“Nothing is pure invention. I have misrepresented some things, but I have not invented anything: the goats that produce spider silk they already exist, and also the green rabbit that shines because it has jellyfish DNA. Some of the things I talk about were being created then [a principios del siglo XXI] and others are possible in theory, “says Atwood.
Here, too, his emphasis on climate change: “The extinction of species and climate change were discussions that my father had with his colleagues when I was a child, and that in the end they have ended up in the headlines of all the newspapers, decades later. And that still had not been open Pandora’s box of DNA “.
The worlds of Atwood
Atwood She is one of the most prestigious writers on the international scene. His works have been translated into more than forty languages, he has written poetry, essays, among them the brilliant Penelope and the twelve maids, stories and eighteen novels, among which it is worth highlighting Lastly, the heart (2016), Alias Grace (2016), The Handmaid’s Tale (2017), turned into a hit television series, and its sequel Wills (2019).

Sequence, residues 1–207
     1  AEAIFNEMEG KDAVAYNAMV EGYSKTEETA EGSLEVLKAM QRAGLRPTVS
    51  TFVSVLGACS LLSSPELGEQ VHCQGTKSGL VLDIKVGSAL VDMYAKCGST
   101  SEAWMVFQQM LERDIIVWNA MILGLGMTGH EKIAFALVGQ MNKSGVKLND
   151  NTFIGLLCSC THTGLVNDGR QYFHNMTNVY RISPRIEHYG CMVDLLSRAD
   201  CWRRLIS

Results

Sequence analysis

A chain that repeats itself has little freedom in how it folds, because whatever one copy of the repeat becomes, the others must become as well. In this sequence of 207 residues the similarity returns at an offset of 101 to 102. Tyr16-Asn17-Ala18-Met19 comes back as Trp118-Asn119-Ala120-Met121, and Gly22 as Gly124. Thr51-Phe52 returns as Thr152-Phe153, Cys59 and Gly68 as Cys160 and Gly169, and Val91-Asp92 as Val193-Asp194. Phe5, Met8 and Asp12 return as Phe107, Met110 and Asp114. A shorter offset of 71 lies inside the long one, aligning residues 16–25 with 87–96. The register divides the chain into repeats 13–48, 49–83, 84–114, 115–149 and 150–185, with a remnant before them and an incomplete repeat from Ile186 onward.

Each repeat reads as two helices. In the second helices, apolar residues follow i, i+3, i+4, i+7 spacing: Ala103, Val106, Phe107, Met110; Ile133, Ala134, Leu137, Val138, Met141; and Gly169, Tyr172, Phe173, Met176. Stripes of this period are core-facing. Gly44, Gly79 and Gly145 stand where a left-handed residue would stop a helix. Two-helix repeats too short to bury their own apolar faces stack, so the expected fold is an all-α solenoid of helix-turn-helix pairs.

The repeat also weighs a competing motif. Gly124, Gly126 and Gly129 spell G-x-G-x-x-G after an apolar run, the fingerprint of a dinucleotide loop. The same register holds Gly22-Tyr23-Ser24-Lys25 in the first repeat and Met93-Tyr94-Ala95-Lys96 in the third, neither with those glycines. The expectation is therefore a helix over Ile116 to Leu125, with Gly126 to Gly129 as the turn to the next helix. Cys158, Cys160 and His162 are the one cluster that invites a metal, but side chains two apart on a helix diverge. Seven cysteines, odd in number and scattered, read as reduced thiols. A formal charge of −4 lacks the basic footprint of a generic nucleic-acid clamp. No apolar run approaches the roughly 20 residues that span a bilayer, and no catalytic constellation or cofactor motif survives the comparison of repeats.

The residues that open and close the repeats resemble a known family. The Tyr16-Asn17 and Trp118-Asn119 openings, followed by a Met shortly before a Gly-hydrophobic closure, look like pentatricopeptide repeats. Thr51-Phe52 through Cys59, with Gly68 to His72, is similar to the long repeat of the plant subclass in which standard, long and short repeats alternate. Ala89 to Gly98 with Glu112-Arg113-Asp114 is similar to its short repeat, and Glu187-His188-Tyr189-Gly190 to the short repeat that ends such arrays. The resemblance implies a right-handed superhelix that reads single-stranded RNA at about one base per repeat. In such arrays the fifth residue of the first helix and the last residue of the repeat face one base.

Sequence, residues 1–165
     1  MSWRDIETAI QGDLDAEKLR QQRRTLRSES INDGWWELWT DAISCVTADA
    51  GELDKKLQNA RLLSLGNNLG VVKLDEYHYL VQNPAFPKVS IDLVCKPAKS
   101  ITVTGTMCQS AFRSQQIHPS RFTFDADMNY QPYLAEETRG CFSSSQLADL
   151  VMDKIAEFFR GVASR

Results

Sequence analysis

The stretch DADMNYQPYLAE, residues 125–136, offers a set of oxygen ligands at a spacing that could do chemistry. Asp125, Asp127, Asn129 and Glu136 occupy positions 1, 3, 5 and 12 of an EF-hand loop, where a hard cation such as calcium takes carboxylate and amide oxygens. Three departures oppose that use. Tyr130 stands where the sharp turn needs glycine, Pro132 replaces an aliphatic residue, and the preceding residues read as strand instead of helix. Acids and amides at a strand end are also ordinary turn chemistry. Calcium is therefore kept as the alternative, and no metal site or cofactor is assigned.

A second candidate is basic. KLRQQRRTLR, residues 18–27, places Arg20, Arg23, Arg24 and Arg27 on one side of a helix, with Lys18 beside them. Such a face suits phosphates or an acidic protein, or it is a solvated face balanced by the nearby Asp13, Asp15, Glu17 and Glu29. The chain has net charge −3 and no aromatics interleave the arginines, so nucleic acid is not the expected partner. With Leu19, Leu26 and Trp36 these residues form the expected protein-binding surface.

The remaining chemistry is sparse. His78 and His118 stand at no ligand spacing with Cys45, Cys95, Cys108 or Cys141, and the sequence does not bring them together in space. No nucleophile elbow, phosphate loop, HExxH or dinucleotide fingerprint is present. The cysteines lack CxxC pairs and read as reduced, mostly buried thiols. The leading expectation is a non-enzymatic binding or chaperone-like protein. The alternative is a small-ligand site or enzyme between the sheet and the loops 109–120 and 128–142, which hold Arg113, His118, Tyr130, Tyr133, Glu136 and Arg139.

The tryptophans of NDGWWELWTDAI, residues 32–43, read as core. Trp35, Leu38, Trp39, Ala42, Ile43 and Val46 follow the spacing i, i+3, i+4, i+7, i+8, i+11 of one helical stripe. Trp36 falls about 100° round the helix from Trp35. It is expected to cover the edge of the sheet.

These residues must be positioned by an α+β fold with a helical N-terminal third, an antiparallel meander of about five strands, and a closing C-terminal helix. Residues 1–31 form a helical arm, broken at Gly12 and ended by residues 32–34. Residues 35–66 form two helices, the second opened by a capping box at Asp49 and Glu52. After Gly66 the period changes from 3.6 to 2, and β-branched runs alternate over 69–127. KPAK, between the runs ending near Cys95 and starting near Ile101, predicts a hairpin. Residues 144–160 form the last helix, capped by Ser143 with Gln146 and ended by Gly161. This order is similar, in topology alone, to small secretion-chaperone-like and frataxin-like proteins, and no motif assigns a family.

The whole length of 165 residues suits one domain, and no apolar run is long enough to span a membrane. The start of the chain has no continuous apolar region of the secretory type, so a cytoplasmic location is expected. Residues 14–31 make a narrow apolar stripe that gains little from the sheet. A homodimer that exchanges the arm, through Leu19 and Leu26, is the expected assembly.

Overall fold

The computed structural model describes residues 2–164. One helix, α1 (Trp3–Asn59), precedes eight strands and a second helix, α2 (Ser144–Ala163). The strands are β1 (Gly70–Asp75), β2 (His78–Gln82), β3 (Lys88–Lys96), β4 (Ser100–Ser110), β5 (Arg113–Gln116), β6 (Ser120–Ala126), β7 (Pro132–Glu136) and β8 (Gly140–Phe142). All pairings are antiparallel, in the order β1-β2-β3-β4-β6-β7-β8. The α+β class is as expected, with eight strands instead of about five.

Despite its long list of works, it never ceases to amaze. She has been a two-time winner of the prestigious Booker Award and worthy of Prince of Asturias Award for Literature in 2008, among many other awards.
She is a figure controversy in the world of literature: in and out of books, and her comments on feminism always cause an uproar around her, as do copies of her best sellers when you get to the bookstores.
After the publishing phenomenon of The Handmaid’s Tale and its sequel Wills, Salamandra continues the recovery of the best of Margaret Atwood’s work by publishing, for the first time complete in Spanish this visionary dystopian trilogy about the end of the world. And while we may be a little scared to discover what new “possible” future comes to mind, we can’t wait to devour the next.